by Anne Calder | Photo by Julia Komarova

The fifth Grand Prix series event was hosted by Moscow, Russia from November 16-18. Nine couples from seven countries competed for prize money and points toward the Grand Prix Final which will take place in Vancouver from December 6-9.

Alexandra Stepanova & Ivan Bukin orf Russia blew away the competition by 25 points and won their second Grand Prix gold medal in two weeks. Spain’s Sara Hurtado & Kirill Khaliavin and Christina Carreira & Anthony Ponomarenko of the United States won silver and bronze – their first Grand Prix medals. It was also Spain’s first ice dance Grand Prix medal.

Rhythm Dance

At the end of the Rhythm Dance, Stepanova & Bukin had a five-point lead over Carreira & Ponomarenko, followed by Hurtado & Khaliavin.

Stepanova & Bukin opened with Paso Doble dance steps to “Malaguena” before slipping into their level 4 Tango twizzles and level 2 Midline footwork that earned +3 and +4 GOEs. Together the two elements scored 19.30 points – more than half their 37.30 segment TES. A wobble in the first Tango Romanica by Stepanova drew 0 and -1 GOEs, but they powered through the second pattern and received +2s and +3s. The team was disappointed by the twizzle error, especially since it was at home in Moscow. The segment scored 74.49.

Carreira & Ponomarenko danced to a virtual TES tie with the Russian leaders, but lost considerable ground (5 points) with their program component score. The Americans hit three of eight key points, but earned level 4 for the crisp twizzles that produced good ice coverage. The diagonal step sequence to the up beat “Yo Soy Maria” received a 1.94 GOE. The score was 69.01.

Hurtado & Khaliavin represent Spain, but train in Moscow, so it was like a home field advantage. The dancers began their “I’ve Seen That Face Before” and “Libertango” program with patterns that tallied four of eight key points for the highest GOE score of the event (14.45). Unfortunately, Hurtado had a balance issue with the twizzles and the team registered all negative GOEs. Their program component score was also five points behind the leaders, but the 66.40 score was a new personal best.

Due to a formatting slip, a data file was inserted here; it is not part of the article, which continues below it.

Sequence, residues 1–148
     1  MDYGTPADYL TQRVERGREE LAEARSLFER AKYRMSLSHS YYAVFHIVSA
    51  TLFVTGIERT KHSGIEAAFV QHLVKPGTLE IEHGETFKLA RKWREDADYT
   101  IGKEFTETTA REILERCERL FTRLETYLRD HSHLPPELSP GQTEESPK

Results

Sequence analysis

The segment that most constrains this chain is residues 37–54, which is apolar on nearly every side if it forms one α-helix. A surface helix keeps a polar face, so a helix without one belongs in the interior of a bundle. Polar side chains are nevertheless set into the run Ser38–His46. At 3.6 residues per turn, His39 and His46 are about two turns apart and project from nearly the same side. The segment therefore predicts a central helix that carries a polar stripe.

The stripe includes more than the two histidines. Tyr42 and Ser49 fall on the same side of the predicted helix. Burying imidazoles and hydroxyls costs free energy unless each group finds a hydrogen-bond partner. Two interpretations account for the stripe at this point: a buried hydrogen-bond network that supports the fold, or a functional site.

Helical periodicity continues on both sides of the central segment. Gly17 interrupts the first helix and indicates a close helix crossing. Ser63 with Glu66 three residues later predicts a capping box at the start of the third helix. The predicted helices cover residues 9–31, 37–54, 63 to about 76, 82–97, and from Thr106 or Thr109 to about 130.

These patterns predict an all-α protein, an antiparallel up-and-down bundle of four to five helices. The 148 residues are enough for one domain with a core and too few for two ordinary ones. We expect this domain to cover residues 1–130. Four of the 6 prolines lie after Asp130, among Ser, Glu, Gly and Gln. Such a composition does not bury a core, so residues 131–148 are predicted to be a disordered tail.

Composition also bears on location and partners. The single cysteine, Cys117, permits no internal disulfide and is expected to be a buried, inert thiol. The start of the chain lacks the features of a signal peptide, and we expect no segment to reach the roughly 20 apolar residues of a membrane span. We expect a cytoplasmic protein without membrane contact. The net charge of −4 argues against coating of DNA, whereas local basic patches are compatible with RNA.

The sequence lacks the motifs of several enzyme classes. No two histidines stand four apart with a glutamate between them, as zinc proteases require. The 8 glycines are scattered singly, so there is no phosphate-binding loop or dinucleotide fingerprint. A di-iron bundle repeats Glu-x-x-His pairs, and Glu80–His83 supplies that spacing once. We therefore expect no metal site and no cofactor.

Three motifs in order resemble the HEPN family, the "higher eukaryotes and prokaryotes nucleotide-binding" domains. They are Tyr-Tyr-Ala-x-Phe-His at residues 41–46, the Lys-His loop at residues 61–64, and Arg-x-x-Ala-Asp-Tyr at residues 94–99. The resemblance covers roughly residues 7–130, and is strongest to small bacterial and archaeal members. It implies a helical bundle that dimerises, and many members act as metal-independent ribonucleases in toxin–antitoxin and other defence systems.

Natalia Kaliszek & Maksym Spodyriev of Poland were fourth and scored 66.30 followed by Lithuania’s Allison Reed & Saulius Ambrulevicius  who scored 64.54 and had the highest base value and second highest pattern score (13.69). Sofia Evdokimova & Egor Bazin of Russia hip hopped into sixth 64.05 points. All three scores were personal bests.

Free Dance

Stepanova & Bukin waited a long time while the judges tallied the scores for the Polish team who preceded them. The audience clapped and cheered, encouraging their hometown heroes during the delay.

When their names were finally announced, the crowd roared and were quickly mesmerized by the blues dance to “Am I the One” by Beth Hart and scored 124.94 – the highest 2018 Grand Prix free dance total. The judges awarded the elements all +3, +4, and +5 GOEs and the program components all 9.25+. Their base value (44.33) included level 4 lifts and combination spin and level 3 footwork. Their unique Choreographic Movements – Spin, Step Sequence, and “Shoot the Duck” Twizzles totaled 12.54. The team was happy with the outcome.

They spoke at the press conference about the delay, their performance, and making the GP Final.